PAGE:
The Atlantic Puffin, like all alcids, has "compromised" its flying ability in order to live in the sea and away from land, except when breeding. Its wings are shorter and the bones thicker. It flies underwater, using its feet as rudders.
When the puffin does take to the air, it is something of an adventure. Like other diving birds, it needs a running start across the water's surface in order to get airborne.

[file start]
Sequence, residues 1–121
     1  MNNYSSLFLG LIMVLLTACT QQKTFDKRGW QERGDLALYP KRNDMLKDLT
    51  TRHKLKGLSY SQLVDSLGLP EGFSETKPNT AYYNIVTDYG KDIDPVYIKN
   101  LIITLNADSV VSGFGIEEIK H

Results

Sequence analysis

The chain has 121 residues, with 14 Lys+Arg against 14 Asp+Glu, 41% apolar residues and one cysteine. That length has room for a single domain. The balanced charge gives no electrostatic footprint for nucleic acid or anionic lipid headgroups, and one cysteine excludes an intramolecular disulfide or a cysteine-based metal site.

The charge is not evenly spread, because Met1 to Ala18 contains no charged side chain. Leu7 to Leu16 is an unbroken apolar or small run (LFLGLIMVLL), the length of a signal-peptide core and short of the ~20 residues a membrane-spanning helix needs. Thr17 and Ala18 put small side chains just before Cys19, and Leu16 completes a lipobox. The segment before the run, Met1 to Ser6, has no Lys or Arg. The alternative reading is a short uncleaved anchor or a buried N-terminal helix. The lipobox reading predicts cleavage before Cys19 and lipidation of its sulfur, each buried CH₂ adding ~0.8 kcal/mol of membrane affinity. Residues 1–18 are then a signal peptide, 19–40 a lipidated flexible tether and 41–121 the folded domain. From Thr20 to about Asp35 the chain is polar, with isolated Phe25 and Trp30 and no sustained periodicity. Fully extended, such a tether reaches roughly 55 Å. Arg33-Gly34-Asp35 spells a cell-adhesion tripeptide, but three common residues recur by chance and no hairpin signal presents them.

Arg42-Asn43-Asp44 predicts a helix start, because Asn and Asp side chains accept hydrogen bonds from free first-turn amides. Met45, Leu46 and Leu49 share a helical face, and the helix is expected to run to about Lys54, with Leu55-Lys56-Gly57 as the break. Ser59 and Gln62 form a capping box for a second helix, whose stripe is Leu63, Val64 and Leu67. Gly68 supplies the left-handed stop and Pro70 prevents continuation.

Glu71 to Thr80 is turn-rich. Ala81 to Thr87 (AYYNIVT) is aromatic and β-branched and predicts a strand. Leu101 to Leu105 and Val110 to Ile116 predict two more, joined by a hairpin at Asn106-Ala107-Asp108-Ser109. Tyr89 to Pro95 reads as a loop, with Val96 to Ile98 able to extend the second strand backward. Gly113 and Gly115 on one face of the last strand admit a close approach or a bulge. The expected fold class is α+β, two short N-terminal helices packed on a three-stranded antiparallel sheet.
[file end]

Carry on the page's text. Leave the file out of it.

Once in the air, its flight is rapid; wing beats are 300-400
beats/minute. It is a streamlined, though rather rotund, projectile.
That said, watching the Atlantic Puffin launch into flight on land, or come in for a landing, draws an irrepressible smile. It makes taking to the air look like an adventure, something it does, but would rather not. Sort of ... well, I hope this works.
Photographed on Machias Seal Island
Good Birding !!